Fail, fail, fail, fail, succeed

Monthly Archives: January 2018

Finding Time

I guess what I am really talking about here is finding clarity in what you want to do. I often find myself “not having time” to do things that I say are important to me. But is this really true? Because at the end of the day, if something is important enough, you will somehow find the time to do it, won’t you?

So we need to be clear about what we really want to do – because if you consistently find yourself running out of time to do something, perhaps that thing really isn’t that important to you. You may think it is, but your actions (or lack thereof) would appear to say otherwise.

This dilemma isn’t quite as simple as it seems, of course – for example, there are levels of desire and motivation to accomplish various goals, and there most definitely are real world obstacles that can stand in the way of doing them. Sometimes these obstacles are time limited, sometimes they might be financial, and sometimes the obstacle may simply be “in your head” (this is a topic for another discussion entirely).

So if you say you want to do something but then find yourself  “never having the time” to do it, there would appear to be some disconnect here. Perhaps you need to delve a little deeper to find out what’s causing it.

Maybe you don’t really want to do it.

Or maybe you’re afraid to do it

You Are What You Do

Watch out for this one – because it can catch you by surprise. You may not actually realize what you are doing with your time. For example, you might think you are doing something, but in reality you aren’t.

What you are doing is thinking about doing something, which is not the same thing as actually doing it.

Self-awareness can be a hard one.


A gradual decline into disorder.

I guess this is as good a definition as any of aging. It’s not pretty to watch, much less to see it happen to you – but in the present real world, the only alternative is death. There is, at this time, no way to stop this process. But at the very least, we can try to maximize what time we have left. And here’s where things get interesting…

Before we start, it’s important to understand a very important concept: you don’t want to spend so much time thinking about and researching this stuff that you get distracted from the actual process of living. So there is a fine line to walk between being engaged with your health and trying to stay abreast of new trends and just fucking enjoying life. So let’s don’t ever forget that. There are times where I wonder if I am crossing that line – but at least I am aware of it.

IMHO, the single most important thing you can do to maximize your state of health is to exercise. It doesn’t have to be anything fancy, it could be as simple as walking some everyday. But it has to be consistent, and you do need to try and “push yourself” – in other words, at some point it shouldn’t be easy. After exercise, diet and sleep are the next priorities. I know, this sounds so simple, because IT IS. There’s a reason why you’ve heard this stuff over and over… Diet shouldn’t be complicated, just make it balanced and try to cut down on your sugar intake as much as possible. Of course you can still eat some sugar – just be aware it’s a special treat and it’s not good for you. Eat plenty of protein and don’t skimp on the fat. Fat is extremely satiating (meaning you get full quickly, and more important, you stay full). One of the reasons adequate protein intake is so important, especially as we age, is the phenomenon of sarcopenia – that is, the “loss of muscle tissue as a natural part of the aging process.” We need to consume more protein as we age to help combat this process.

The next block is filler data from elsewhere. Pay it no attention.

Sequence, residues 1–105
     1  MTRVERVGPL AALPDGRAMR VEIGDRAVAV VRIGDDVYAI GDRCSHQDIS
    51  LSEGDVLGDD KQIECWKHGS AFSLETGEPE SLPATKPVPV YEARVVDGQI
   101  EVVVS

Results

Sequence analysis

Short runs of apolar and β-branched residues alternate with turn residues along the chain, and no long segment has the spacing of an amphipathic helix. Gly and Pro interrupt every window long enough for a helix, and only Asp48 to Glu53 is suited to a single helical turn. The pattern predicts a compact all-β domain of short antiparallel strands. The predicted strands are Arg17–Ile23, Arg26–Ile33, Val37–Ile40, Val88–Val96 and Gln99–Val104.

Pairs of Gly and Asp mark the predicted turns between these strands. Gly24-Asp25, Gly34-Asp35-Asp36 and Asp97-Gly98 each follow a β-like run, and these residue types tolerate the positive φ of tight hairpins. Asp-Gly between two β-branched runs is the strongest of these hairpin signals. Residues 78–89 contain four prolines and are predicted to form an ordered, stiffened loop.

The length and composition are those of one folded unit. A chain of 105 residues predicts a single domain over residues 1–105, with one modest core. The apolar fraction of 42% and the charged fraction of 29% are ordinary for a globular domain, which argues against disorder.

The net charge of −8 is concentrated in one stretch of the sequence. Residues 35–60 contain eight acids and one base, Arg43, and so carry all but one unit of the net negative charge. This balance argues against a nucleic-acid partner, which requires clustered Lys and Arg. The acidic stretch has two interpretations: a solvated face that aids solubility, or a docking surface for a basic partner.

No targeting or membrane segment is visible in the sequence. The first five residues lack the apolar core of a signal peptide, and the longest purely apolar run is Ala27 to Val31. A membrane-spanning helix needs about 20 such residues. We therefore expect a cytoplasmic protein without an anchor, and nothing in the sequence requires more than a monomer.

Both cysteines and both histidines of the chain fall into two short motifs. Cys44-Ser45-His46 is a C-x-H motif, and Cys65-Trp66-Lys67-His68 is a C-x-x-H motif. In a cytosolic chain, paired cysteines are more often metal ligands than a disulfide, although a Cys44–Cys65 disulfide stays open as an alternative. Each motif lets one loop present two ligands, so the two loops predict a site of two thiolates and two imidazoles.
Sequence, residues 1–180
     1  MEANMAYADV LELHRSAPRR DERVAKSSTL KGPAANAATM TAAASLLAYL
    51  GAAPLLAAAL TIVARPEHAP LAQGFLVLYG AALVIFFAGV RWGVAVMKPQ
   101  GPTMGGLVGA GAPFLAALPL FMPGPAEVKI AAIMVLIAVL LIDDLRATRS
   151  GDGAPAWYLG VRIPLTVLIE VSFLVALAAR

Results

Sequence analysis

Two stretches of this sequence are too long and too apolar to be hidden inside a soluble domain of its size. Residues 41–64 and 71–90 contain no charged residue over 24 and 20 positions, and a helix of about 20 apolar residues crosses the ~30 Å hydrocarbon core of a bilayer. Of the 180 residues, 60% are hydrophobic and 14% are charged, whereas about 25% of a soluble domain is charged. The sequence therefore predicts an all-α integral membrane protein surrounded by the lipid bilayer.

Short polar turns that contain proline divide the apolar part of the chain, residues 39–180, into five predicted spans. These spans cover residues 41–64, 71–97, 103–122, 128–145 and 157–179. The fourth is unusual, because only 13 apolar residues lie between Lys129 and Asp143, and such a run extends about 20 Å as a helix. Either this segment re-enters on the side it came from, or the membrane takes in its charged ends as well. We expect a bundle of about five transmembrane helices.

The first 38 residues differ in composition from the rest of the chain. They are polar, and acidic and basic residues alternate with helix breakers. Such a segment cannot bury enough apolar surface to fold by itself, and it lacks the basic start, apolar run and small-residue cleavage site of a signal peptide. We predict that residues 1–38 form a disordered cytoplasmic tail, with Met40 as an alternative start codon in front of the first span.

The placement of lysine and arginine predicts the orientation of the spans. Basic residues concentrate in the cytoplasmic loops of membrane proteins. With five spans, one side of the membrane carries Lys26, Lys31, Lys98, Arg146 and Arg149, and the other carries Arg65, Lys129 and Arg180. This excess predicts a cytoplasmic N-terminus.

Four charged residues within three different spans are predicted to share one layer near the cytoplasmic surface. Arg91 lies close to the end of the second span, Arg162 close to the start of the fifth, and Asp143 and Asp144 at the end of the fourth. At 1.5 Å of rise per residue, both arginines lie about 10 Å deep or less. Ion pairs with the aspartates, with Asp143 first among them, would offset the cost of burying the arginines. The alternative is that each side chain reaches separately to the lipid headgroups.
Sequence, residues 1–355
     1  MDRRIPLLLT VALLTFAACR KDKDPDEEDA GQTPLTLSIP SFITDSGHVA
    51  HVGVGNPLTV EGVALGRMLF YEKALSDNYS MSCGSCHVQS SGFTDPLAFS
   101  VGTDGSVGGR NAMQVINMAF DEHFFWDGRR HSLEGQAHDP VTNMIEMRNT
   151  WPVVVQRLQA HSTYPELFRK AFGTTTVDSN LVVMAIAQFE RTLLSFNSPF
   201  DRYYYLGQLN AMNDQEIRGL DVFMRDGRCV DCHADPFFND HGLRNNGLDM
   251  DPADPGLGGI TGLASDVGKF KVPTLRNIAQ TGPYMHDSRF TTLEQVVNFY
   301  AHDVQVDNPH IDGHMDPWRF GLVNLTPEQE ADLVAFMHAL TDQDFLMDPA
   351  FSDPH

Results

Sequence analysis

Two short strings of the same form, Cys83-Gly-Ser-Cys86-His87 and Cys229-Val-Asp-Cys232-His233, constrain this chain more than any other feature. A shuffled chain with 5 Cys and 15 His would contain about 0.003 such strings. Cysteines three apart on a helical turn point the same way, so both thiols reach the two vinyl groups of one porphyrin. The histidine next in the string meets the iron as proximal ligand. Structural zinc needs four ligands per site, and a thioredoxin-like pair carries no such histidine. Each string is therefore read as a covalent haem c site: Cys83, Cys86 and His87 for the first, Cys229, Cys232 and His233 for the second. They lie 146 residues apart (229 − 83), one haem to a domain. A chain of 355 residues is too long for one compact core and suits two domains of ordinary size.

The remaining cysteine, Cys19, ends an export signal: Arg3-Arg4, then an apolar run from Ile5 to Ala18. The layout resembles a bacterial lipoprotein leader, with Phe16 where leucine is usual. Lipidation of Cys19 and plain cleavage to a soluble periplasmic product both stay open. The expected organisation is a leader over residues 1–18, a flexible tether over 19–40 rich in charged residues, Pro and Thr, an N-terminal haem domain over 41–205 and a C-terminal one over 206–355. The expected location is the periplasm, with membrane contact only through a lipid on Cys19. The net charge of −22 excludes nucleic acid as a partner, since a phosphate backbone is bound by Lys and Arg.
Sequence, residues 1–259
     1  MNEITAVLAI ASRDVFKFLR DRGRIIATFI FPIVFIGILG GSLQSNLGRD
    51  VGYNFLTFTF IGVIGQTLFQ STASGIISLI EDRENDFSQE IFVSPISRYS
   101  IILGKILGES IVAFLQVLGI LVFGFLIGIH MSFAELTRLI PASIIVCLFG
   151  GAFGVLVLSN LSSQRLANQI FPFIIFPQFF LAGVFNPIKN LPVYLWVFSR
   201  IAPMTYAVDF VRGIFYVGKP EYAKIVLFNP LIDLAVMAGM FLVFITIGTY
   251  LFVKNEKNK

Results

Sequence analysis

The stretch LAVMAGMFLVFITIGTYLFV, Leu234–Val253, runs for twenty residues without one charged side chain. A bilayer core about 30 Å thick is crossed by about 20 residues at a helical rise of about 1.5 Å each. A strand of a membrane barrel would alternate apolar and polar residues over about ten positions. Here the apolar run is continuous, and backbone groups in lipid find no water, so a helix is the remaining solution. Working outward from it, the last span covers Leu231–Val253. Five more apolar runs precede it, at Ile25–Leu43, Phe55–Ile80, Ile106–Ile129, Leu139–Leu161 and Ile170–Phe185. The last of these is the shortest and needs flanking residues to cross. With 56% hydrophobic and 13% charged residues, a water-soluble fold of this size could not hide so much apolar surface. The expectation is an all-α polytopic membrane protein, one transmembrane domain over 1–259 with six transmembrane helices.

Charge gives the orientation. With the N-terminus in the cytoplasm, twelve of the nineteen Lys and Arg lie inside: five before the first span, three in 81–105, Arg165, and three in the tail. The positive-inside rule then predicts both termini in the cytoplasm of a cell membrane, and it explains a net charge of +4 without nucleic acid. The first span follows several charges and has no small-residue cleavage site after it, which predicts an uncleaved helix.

Read investigative journalist Nina Teicholz’s book “The Big Fat Surprise” and prepare to be confused and shocked. Once you get your fat and protein intake up and your sugar intake down, you will start to lose weight. Exercise will accelerate this process. But start with baby steps – make this a slow and enjoyable journey of self-discovery, something you will do for the rest of your life.

There’s more (much more) you can do, but these are the big ones. Just always remember that you must enjoy life. This moment isn’t happening again, so you need to be grateful for what you have. In the meantime, entropy is grinding away in the background.

Use this knowledge to motivate you to live life to the fullest.

Rough Day

Question: How do you define a rough day in the ER?

Answer: When the morgue calls to tell you they’re running out of space.

“You Were Made For This Job”

When you are the charge nurse in a very busy inner city ER, and a patient comes up to you to tell you this in the middle of what appears to be an overwhelming shitstorm, there is only one proper response.

You look them in the eye, smile, and say “Thank you.

And you think to yourself “They’re probably right…”


The determination to continue what you are doing.”

This is a very powerful personality trait and is usually, but not always, a positive one. Tenacious people are survivors – they will power through adversity and pain unfazed. To the casual observer they may seem unremarkable – it’s only over time that their true nature reveals itself. They will be the last ones standing. Anytime you have someone who is undeterred by failure, opposition, and disappointment, you are dealing with a formidable person.

However, carried too far, this trait can become a fault. Flexibility and constant reassessment are necessary to control the desire to carry on in a futile endeavor. To the tenacious person this can be difficult to do. It requires judgment, something that may be absent in youth.

But add tenacity to a focused desire to achieve something and you have a lethally effective combination.

Most people give up when the going gets tough. The tenacious person is just getting started…

27 Years

That’s how long ago she died. It seems so long ago now, but if I think back, it’s as clear as yesterday. I guess these are the things that accumulate in your life and end up defining who you are.